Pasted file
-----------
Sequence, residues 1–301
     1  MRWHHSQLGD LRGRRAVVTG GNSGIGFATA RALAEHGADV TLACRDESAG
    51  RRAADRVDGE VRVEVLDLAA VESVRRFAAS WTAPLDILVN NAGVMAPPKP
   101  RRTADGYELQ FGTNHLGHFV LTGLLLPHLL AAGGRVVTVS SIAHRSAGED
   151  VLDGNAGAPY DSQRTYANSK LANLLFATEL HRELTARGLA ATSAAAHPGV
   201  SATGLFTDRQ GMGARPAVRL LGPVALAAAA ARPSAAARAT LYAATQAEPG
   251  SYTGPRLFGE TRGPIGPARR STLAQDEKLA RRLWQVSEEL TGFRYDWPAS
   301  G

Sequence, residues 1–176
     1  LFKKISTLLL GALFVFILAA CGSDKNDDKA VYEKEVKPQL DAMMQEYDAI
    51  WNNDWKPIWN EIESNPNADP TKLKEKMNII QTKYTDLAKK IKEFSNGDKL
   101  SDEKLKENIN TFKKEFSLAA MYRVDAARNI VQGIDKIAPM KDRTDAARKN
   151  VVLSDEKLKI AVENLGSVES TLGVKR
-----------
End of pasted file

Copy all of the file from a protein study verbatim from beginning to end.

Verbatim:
Sequence, residues 1–301
     1  MRWHHSQLGD LRGRRAVVTG GNSGIGFATA RALAEHGADV TLACRDESAG
    51  RRAADRVDGE VRVEVLDLAA VESVRRFAAS WTAPLDILVN NAGVMAPPKP
   101  RRTADGYELQ FGTNHLGHFV LTGLLLPHLL AAGGRVVTVS SIAHRSAGED
   151  VLDGNAGAPY DSQRTYANSK LANLLFATEL HRELTARGLA ATSAAAHPGV
   201  SATGLFTDRQ GMGARPAVRL LGPVALAAAA ARPSAAARAT LYAATQAEPG
   251  SYTGPRLFGE TRGPIGPARR STLAQDEKLA RRLWQVSEEL TGFRYDWPAS
   301  G

Sequence, residues 1–176
     1  LFKKISTLLL GALFVFILAA CGSDKNDDKA VYEKEVKPQL DAMMQEYDAI
    51  WNNDWKPIWN EIESNPNADP TKLKEKMNII QTKYTDLAKK IKEFSNGDKL
   101  SDEKLKENIN TFKKEFSLAA MYRVDAARNI VQGIDKIAPM KDRTDAARKN
   151  VVLSDEKLKI AVENLGSVES TLGVKR